from The American Heritage® Dictionary of the English Language, 4th Edition
- n. A muscle with two heads or points of origin.
- n. The large muscle at the front of the upper arm that flexes the forearm. Also called biceps brachii.
- n. The large muscle at the back of the thigh that flexes the knee joint. Also called biceps femoris.
from Wiktionary, Creative Commons Attribution/Share-Alike License
- n. Any muscle having two heads.
- n. Specifically, the biceps brachii, the flexor of the elbow.
- n. The upper arm, especially the collective muscles of the upper arm.
- n. A point in a metrical pattern that can be filled either with one long syllable (a longum) or two short syllables (two brevia)
from the GNU version of the Collaborative International Dictionary of English
- n. A muscle having two heads or origins; -- applied particularly to a flexor in the arm, and to another in the thigh.
from The Century Dictionary and Cyclopedia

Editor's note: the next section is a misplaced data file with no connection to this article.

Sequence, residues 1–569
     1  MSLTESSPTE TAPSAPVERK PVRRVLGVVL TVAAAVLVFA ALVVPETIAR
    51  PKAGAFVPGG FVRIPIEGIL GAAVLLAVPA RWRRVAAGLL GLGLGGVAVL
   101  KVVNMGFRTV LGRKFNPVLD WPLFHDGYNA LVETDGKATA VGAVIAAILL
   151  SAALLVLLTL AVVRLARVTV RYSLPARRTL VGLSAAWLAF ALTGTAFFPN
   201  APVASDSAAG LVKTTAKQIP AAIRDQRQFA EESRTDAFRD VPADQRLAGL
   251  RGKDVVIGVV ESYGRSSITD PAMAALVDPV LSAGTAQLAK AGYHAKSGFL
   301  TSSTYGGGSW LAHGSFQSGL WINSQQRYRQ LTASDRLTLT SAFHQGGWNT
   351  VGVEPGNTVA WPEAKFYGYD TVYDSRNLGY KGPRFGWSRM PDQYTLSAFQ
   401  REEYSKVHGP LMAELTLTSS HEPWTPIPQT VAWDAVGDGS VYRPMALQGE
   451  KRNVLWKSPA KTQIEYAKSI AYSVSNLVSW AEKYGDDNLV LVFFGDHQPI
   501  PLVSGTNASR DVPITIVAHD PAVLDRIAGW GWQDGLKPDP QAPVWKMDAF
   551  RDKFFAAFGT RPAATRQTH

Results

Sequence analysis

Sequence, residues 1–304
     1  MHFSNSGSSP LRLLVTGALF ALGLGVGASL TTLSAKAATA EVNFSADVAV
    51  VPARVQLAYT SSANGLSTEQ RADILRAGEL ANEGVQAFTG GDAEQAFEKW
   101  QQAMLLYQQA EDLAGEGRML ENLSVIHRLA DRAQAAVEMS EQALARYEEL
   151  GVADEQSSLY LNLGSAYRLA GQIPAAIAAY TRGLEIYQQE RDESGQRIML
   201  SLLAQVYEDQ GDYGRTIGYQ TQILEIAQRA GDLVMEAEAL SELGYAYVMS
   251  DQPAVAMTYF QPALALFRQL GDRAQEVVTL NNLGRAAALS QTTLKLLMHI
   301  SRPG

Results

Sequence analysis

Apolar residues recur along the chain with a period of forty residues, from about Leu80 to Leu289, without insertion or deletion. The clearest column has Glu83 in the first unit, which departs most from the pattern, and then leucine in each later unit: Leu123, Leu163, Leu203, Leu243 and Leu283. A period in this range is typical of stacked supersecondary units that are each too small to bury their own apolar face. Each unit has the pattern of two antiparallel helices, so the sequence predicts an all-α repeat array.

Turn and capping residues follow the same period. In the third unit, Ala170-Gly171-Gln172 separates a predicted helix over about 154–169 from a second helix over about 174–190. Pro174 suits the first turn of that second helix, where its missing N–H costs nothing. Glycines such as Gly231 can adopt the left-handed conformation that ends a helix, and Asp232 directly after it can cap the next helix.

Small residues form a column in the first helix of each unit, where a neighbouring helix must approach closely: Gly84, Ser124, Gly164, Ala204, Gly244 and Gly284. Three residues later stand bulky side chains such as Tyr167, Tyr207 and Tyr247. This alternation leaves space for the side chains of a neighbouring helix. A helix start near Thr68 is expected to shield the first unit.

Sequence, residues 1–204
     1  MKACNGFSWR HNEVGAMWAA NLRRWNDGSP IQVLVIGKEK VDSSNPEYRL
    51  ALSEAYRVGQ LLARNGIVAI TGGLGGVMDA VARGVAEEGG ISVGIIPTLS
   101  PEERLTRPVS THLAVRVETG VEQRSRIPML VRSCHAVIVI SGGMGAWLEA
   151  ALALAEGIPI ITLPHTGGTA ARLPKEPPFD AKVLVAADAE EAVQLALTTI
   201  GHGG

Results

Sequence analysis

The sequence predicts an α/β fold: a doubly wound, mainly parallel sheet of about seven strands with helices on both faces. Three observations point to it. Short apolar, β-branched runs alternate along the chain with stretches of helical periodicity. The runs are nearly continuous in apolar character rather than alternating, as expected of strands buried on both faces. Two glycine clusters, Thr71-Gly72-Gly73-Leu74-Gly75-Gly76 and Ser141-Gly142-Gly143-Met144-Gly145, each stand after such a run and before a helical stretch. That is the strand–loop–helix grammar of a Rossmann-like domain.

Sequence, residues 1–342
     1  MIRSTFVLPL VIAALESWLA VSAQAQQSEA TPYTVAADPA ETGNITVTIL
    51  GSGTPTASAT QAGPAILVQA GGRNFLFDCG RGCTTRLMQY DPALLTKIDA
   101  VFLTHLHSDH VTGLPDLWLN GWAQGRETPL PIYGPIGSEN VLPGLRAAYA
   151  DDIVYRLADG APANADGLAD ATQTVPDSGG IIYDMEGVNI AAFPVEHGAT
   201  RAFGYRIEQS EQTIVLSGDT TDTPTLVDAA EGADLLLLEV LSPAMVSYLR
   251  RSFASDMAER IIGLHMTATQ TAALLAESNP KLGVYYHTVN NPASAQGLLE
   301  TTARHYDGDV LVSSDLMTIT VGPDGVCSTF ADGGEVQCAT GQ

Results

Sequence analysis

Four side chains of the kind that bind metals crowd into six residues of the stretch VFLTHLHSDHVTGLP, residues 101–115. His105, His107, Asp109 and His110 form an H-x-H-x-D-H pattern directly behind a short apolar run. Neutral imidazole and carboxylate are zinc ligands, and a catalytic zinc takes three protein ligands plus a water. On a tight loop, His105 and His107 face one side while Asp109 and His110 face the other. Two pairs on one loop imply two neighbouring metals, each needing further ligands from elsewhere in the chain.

- n. In anatomy, a muscle having two heads or origins; specifically, the biceps brachii.
- n. Figuratively, strength or muscular development.
- n. Muscular strength of the arm; ability to use the arm effectively: from such strength or ability depending on the development of the biceps muscle.
from WordNet 3.0 Copyright 2006 by Princeton University. All rights reserved.
- n. any skeletal muscle having two origins (but especially the muscle that flexes the forearm)
From Latin, two-headed : bi-, two; see bi-1 + caput, head.(American Heritage® Dictionary of the English Language, Fourth Edition)
From Latin biceps ("double-headed, two peaked"), from bis ("double") + caput ("head"). (Wiktionary)